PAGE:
The Museum of Anthropology (MOA) at UBC with the Musqueam Indian Band present the inspiring and interactive new exhibition The Fabric of Our Land: Salish Weaving, on display from November 19, 2017 to April 15, 2018. Curated by MOA Curator Susan Rowley, in collaboration with Salish weavers, the exhibition will feature the historically significant, but relatively unknown, loom-weaving tradition of Salish peoples, showcasing one of the world’s largest collections of intricately designed blankets on loan from contemporary weavers, as well as museums in Europe and the eastern United States.
The exhibition is the result of a request from Musqueam Councillor and master weaver Wendy Grant John, who after viewing some of the weavings at the Smithsonian in Washington, DC was struck by their power to impart knowledge and inspiration to Salish weavers and the public. She has worked for more than 30 years to bring transformative change to Indigenous communities across the country and build stronger relationships between Aboriginal and non-Aboriginal people.
“The process of colonization took the same devastating toll on Salish weaving as it did on countless other Indigenous cultural practices,” said Rowley, MOA Curator. “Mass-produced Hudson Bay Company blankets replaced hand-woven creations, the reserve system constrained access to required resources, the Indian Act banned ceremonies where blankets played an integral role, and residential schools broke the intergenerational transmission of knowledge. The resilience and strength of amazing women have led to the revival of Salish weaving in different communities at different times.”
The Fabric of Our Land: Salish Weaving will take visitors on a journey through the past 200 years of Salish wool weaving from the early 1800s through to today’s vibrant Renaissance. Ten of the earliest known Salish weavings are showcased in the exhibition on loan from the National Museum of Finland, the Perth Museum (Scotland), the Pitt-Rivers Museum (England), the Harvard Peabody Museum, and the Smithsonian Institution’s National Museum of Natural History. These institutions acquired these treasures from early traders and explorers who removed them from their traditional territories. These territories encompass the Lower Mainland of British Columbia, southeastern Vancouver Island, the Sunshine Coast, the Fraser Canyon, and Puget Sound.These early works will be featured alongside five mountain goat wool blankets from MOA’s collection dating from the late 1800s and early 1900s. More than 20 weavings from the 1960s to present day – some from MOA’s collection and others on loan from contemporary weavers – will demonstrate the continuity of weaving despite colonization.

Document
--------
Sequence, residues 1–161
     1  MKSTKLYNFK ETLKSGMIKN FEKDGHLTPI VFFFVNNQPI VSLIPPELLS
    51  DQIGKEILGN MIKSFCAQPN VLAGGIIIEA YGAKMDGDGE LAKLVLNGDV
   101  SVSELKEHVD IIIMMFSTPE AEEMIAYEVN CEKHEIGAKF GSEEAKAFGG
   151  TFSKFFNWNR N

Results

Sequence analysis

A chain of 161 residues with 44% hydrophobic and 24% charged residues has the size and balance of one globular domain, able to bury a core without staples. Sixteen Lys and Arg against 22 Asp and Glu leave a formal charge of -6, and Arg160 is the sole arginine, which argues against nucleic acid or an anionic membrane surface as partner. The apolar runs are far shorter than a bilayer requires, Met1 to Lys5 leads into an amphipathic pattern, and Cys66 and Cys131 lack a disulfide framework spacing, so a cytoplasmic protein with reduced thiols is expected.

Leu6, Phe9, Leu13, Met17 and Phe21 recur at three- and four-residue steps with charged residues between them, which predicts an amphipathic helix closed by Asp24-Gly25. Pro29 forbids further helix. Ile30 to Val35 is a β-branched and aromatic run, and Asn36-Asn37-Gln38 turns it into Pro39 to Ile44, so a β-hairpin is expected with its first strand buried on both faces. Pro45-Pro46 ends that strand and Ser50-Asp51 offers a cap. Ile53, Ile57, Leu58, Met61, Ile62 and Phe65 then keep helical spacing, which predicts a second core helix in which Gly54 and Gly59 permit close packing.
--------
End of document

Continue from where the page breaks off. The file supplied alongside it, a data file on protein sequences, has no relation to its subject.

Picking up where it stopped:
At various times throughout the run of the exhibition, Musqueam master weaver and educator Debra Sparrow will reactivate an old loom from MOA’s collection by weaving a new blanket. Visitors will also have the opportunity to further their understanding by learning through doing at several looms in the exhibition space.
“The Fabric of Our Land: Salish Weaving hopes to provide the public with an understanding and appreciation of the remarkable history of Salish weaving. Visitors will experience these textiles while learning about the resources required in their creation, the domesticated dogs used in their production, the spiritual and cultural significance of these robes, their role in the economy, as well as their power as symbols of family protection and wealth,” explained Rowley. “Today’s weavers demonstrate the ongoing power of this art form as an integral part of community life and as a symbol of contemporary vitality, creativity, and strength.”
The exhibit is open now until April 15 at the Museum of Anthropology, and find out more information here.